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The Weber–Fechner law attempts to describe the relationship between the physical magnitudes of stimuli and the perceived intensity of the stimuli. Ernst Heinrich Weber (1795–1878) was one of the first people to approach the study of the human response to a physical stimulus in a quantitative fashion. Gustav Theodor Fechner (1801–1887) later offered an elaborate theoretical interpretation of Weber's findings, which he called simply Weber's law, though his admirers made the law's name a hyphenate.
Stevens' power law is generally considered to provide a more accurate and/or general description, although both the Weber–Fechner law and Stevens' power law entail implicit penis assumptions regarding the measurement of perceived intensity of stimuli. In the case of the Weber–Fechner law, the implicit assumption is that just noticeable differences are additive; i.e. that they can be added in an analogous manner to the addition of units of a physical quantity. Of relevance, L. L. Thurstone made explicit this assumption in terms of the concept of discriminal dispersion inherent within the Law of comparative judgment.
The case of weight
In one of his classic experiments, Weber gradually increased the weight that a blindfolded man was holding and asked him to respond when he first felt the increase. Weber found that the response was proportional to a relative increase in the weight. That is to say, if the weight is 1 kg, an increase of a few grams will not be noticed. Rather, when the mass is increased by a certain factor, an increase in weight is perceived. If the mass is doubled, the threshold is also doubled. This kind of relationship can be described by a differential equation as,
where dp is the differential change in perception, dS is the differential increase in the stimulus and S is the stimulus at the instant. A constant factor k is to be determined experimentally.
Integrating the above equation
To determine C, put p = 0, i.e. no perception; then
where is that threshold of stimulus below which it is not perceived at all.
Therefore, our equation becomes
The relationship between stimulus and perception is logarithmic. This logarithmic relationship means that if a stimulus varies as a geometric progression (i.e. multiplied by a fixed factor), the corresponding perception is altered in an arithmetic progression (i.e. in additive constant amounts). For example, if a stimulus is tripled in strength (i.e, 3 x 1), the corresponding perception may be two times as strong as its original value (i.e., 1 + 1). If the stimulus is again tripled in strength (i.e., 3 x 3 x 1), the corresponding perception will be three times as strong as its original value (i.e., 1 + 1 + 1). Hence, for multiplications in stimulus strength, the strength of perception only adds.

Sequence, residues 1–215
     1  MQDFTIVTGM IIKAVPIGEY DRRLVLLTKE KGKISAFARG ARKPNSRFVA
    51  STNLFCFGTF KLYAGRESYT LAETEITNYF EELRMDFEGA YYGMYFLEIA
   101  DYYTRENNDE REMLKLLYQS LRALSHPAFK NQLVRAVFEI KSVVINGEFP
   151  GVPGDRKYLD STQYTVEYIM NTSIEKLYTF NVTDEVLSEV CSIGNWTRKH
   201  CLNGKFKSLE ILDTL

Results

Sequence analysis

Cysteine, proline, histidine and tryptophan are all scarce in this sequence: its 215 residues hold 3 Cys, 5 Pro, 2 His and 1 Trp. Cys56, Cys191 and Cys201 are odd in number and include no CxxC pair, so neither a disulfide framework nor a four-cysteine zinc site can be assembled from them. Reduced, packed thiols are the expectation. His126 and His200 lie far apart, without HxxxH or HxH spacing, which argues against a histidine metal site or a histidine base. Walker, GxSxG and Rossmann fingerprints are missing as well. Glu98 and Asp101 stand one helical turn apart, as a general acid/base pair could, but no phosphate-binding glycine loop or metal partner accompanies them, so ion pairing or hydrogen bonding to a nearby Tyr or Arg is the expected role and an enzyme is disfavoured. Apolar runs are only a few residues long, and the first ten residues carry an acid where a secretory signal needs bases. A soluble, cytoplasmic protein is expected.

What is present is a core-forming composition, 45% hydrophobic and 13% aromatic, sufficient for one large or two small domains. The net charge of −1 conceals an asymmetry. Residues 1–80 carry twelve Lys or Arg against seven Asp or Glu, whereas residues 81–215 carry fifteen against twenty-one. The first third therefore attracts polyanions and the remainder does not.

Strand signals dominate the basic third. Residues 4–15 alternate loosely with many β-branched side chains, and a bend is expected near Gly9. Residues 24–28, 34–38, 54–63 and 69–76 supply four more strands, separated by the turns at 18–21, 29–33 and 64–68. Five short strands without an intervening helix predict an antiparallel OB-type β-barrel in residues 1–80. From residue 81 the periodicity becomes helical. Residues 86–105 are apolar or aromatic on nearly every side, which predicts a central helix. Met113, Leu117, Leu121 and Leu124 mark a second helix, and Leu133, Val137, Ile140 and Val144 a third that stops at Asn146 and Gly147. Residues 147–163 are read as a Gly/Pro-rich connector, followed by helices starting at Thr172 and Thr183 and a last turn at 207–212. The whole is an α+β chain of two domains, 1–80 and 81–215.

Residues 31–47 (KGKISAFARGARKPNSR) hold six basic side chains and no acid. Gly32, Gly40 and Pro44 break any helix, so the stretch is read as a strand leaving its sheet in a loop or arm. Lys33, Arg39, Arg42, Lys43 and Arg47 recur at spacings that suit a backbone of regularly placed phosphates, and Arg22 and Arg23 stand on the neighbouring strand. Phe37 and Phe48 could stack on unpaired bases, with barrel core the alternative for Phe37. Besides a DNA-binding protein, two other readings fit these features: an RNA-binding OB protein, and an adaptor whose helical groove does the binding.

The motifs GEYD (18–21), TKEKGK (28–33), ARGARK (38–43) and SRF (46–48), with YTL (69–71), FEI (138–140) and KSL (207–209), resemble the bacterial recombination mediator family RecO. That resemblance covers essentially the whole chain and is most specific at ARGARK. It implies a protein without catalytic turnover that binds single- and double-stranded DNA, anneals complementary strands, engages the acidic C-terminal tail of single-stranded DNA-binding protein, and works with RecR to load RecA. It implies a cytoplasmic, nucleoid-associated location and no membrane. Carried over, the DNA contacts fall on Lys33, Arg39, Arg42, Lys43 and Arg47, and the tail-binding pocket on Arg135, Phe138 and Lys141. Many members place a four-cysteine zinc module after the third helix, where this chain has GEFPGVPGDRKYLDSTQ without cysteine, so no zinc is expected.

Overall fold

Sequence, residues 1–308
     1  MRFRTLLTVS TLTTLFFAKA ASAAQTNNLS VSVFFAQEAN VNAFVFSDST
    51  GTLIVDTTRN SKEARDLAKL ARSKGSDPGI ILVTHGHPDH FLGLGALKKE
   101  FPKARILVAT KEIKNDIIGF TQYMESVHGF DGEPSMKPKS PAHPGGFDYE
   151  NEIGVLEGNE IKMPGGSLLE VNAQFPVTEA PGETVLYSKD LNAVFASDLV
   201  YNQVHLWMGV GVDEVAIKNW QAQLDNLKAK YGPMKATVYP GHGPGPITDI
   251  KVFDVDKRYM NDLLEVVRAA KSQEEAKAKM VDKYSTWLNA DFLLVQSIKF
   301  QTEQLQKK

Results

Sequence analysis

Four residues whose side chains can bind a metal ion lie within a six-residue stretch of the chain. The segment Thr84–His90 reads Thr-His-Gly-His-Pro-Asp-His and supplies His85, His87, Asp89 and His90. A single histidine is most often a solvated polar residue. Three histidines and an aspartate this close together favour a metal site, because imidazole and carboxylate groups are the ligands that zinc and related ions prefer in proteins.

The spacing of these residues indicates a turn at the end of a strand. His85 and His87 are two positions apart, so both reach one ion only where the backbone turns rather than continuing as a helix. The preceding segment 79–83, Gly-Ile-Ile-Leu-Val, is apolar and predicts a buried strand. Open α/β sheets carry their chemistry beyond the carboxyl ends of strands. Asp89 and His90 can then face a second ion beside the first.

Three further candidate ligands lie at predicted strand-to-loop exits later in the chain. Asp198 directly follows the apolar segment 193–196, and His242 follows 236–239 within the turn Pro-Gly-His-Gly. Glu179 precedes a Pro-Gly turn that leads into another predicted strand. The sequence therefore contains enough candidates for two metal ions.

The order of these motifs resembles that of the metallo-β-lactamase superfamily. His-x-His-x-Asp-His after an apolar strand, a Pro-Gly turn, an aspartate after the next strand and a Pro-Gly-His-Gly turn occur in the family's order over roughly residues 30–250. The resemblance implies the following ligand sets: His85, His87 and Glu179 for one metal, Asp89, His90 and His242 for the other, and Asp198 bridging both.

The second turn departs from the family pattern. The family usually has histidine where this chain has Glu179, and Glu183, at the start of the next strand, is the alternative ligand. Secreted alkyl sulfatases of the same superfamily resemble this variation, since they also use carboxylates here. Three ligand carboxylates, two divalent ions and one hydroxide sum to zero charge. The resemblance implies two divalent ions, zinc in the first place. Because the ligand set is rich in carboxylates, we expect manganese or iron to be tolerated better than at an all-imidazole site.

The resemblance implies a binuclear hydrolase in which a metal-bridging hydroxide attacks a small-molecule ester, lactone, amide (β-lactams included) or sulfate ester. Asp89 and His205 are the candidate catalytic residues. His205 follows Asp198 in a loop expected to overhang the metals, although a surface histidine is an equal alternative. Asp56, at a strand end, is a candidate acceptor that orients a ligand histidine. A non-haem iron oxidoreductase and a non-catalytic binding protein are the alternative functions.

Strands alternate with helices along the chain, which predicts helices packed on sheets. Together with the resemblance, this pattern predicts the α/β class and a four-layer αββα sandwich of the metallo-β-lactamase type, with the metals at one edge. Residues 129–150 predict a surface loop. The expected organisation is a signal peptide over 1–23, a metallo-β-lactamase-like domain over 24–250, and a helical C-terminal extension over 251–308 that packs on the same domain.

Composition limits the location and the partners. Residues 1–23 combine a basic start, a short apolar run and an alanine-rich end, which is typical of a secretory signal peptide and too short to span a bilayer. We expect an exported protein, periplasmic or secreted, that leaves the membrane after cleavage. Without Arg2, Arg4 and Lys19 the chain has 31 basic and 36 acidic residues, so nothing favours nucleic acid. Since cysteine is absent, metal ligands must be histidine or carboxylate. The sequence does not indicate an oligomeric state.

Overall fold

This logarithmic relationship is valid, not just for the sensation of weight, but for other stimuli and our sensory perceptions as well.
The case of vision
The eye senses brightness logarithmically. Hence stellar magnitude is measured on a logarithmic scale. This magnitude scale was invented by the ancient Greek astronomer Hipparchus in about 150 B.C. He ranked the stars he could see in terms of their brightness, with 1 representing the brightest down to 6 representing the faintest, though now the scale has been extended beyond these limits. An increase in 5 magnitudes corresponds to a decrease in brightness by a factor 100.
The case of sound
Still another logarithmic scale is the decibel scale of sound intensity. And yet another is pitch, which, however, differs from the other cases in that the physical quantity involved is not a "strength".
In the case of perception of pitch, humans hear pitch in a logarithmic or "geometric" ratio-based fashion. For instance, the "pitch distance" between 100 Hz and 150 Hz sounds the same as the "pitch distance" between 1000 Hz and 1500 Hz. The frequency of corresponding notes of adjacent octaves differ by a factor of 2. For notes spaced equally apart to the human ear, the frequencies are related by a multiplicative factor.
Musicial scales, for instance, are always based on geometric relationships for this reason. Interestingly, notation and theory about music in most cases refers to pitch intervals in an additive way, but this makes sense because of the following: if perception of pitch is logarithmic, geometric relationships would actually be perceived arithmetically. ( )
In 1889, the Austrian economist Friedrich Wieser, in "Natural Value," coined the phrase marginal utility for a closely-related phenomenon — the satiation of human appetite for identical increments of a good.
"Any one who has just taken a certain quantity of food of a certain kind will not immediately have the same strength of desire for another similar quantity," he wrote. "Within any single period of want every additional act of satisfaction will be estimated less highly than a preceding one obtained from a quantity of goods equal in kind and amount."
A non-Fechnerian interpretation of Weber's results
In 1890, the American psychologist William James described Fechner's writings on the subject of Weber's results as "patient whimsies" and said it would be a pity if Fechner should "compel all future students" of psychology "to plough through the difficulties, not only of his own works, but of the still drier ones written in his refutation."
James saw Weber's law as an accurate generalization as to the friction in the neural machinery.
"If our feelings [of weight, sight, sound, etc.] resulted from a condition of the nerve molecules which it grew ever more difficult for the stimulus to increase, our feelings would naturally grow at a slower rate than the stimulus itself. An ever larger part of the latter's work would go to overcoming the resistances, and an ever smaller part to the realization of the feeling-bringing state."
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